Fumio Kishida elected Prime Minister of Japan


TOKYO — Fumio Kishida was elected prime minister by the Japanese parliament on Monday and plans to tackle reviving the world’s third-largest economy as one of his first tasks.

The 64-year-old former foreign minister was elected on September 29 as head of the ruling Liberal Democratic Party, securing his rise to prime minister. His predecessor, Yoshihide Suga, announced in early September that he would step down. Mr Kishida was due to present his cabinet and hold a press conference later on Monday.

The Japanese economy has slowly recovered from the Covid-19 pandemic, as repeated states of emergency this year have dampened consumer spending on travel, restaurants and entertainment. The country’s gross domestic product in the April-June quarter remained more than 3% below its peak in the third quarter of 2019.

Recently, the signs have improved, even though it was too late to save the unpopular government of Mr Suga. The seven-day rolling average number of Covid-19 infections has fallen by more than 90% from the peak in August, allowing the government to lift the state of emergency last week. Shopping districts and restaurants were crowded over the weekend as voluntary restrictions on businesses were relaxed.

Sentiment among major Japanese manufacturers improved to the highest level in nearly three years in the Bank of Japan’s quarterly survey released on Friday, helped by the global economic recovery.

Fumio Kishida is ready to work closely with the United States against a rising China. But a hawkish stance from China could drag Japan into conflict and risk its relationship with a major economic partner. Photo: Reuters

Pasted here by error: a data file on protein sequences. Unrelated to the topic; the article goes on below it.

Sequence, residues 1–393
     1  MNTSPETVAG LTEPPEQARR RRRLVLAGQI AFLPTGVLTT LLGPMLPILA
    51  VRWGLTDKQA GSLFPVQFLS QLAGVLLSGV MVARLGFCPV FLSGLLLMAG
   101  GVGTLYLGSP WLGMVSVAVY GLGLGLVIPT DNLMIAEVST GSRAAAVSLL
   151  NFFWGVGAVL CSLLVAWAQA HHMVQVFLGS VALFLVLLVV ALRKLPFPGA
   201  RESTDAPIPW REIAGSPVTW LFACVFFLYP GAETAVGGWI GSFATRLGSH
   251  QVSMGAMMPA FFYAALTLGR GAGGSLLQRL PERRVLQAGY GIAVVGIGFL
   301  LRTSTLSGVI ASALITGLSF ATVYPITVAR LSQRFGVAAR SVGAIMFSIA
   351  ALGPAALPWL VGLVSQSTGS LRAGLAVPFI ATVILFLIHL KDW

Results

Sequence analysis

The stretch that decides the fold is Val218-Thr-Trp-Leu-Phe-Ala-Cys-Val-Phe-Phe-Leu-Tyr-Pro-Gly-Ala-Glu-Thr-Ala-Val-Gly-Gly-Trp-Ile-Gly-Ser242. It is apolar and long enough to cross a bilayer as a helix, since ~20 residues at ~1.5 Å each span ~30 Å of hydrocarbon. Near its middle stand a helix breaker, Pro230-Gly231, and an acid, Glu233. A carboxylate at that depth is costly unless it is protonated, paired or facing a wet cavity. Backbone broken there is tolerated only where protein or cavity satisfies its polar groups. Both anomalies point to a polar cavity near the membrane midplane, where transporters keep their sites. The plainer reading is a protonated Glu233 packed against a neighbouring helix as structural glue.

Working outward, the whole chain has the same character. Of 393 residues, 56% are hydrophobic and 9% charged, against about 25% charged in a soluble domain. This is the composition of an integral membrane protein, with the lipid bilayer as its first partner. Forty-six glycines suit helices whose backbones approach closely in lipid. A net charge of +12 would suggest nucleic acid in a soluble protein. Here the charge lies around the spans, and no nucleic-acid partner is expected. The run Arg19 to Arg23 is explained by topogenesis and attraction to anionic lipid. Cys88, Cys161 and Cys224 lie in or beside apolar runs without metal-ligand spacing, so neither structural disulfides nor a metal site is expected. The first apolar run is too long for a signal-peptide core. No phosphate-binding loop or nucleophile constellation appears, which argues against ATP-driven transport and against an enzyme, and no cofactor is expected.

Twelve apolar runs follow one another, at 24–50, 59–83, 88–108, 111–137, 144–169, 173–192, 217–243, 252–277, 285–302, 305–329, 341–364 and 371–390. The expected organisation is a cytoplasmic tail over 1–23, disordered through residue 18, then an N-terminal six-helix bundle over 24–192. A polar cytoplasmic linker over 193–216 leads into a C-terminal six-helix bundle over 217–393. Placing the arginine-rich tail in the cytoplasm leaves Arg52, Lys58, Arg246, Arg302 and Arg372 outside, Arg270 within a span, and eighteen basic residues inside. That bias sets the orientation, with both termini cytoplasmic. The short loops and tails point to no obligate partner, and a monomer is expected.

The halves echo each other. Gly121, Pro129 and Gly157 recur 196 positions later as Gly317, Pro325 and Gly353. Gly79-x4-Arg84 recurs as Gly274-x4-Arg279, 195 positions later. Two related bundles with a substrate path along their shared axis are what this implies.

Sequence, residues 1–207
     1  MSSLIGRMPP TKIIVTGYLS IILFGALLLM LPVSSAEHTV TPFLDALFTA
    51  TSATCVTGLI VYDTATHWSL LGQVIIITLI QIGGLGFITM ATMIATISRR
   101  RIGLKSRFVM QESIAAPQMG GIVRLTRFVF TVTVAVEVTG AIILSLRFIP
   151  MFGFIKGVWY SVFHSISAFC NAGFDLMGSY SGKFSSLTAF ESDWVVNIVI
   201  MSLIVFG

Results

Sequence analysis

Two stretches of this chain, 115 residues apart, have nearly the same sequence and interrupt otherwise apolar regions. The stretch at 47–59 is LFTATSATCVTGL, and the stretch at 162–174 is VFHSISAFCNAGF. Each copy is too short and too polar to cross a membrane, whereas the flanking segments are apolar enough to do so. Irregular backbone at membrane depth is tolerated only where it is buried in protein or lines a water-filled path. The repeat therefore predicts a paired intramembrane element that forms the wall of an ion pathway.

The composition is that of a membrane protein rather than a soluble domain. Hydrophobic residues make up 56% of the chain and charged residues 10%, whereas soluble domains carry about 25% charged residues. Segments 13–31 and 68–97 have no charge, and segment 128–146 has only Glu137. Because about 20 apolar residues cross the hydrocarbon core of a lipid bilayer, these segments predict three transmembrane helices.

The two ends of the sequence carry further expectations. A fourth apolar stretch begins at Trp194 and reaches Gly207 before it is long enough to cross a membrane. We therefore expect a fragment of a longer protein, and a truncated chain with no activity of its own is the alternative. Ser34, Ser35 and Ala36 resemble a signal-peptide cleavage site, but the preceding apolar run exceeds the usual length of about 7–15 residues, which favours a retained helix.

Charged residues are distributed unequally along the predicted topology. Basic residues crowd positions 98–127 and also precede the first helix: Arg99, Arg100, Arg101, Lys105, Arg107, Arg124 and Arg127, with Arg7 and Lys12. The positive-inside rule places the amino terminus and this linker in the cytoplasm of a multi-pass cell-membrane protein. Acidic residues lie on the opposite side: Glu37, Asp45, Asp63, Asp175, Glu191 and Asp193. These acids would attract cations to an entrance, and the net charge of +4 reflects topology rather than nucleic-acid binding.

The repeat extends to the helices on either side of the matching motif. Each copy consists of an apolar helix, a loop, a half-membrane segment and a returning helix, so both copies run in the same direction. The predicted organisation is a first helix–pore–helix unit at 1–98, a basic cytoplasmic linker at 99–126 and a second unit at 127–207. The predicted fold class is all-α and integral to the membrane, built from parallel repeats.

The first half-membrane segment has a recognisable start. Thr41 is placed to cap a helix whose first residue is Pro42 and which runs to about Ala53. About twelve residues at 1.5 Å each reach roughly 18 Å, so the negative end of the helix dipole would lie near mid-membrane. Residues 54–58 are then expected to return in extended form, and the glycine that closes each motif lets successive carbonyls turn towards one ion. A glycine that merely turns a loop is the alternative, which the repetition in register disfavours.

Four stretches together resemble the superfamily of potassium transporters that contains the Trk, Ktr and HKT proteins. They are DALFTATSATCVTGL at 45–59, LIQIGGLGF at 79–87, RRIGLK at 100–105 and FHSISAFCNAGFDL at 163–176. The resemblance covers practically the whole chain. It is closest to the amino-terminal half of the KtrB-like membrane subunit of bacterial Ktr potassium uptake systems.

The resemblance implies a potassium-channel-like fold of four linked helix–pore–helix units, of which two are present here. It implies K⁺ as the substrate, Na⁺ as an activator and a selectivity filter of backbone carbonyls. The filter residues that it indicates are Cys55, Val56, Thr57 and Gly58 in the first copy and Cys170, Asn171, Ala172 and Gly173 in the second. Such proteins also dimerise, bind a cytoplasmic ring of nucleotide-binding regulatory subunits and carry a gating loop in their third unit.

Mr Kishida said he wanted an economic stimulus valued at several hundred billion dollars to bring the economy back to normal. He also called for distributing government payments to low and middle incomes as a way to trigger a recovery.

“Without distribution, future consumer spending and demand will not be awakened. Without distribution, there is no future growth, ”he said at his first press conference after being elected leader of the ruling party.

“Kishida is keen to support the Japanese middle class by subsidizing spending on housing and education, which should lead to increased consumption,” said Naoya Oshikubo, economist at Sumitomo Mitsui Trust Asset Management.

Stimulus plans are expected to feature prominently in Mr Kishida’s campaign to maintain the Liberal Democrats’ majority in the lower house of parliament, the more powerful of the two chambers of the legislature. Lower house elections are due to take place by the end of November and public broadcaster NHK has said Kishida plans to set October 31 as the election date.

The new political leader of the ruling party is Sanae Takaichi, who led a surprisingly strong leadership campaign against Mr Kishida with the backing of former Prime Minister Shinzo Abe. Ms Takaichi has positioned herself as the heir to Mr Abe’s pro-growth Abenomics policies and said Japan can freely issue debt to fund its recovery from Covid-19 and other priorities as long as the inflation does not exceed 2% of the Bank of Japan. target.

Consumer prices in August, the most recent month for which data is available, fell 0.4% from the same month a year earlier, the government said.

Write to Peter Landers at [email protected]

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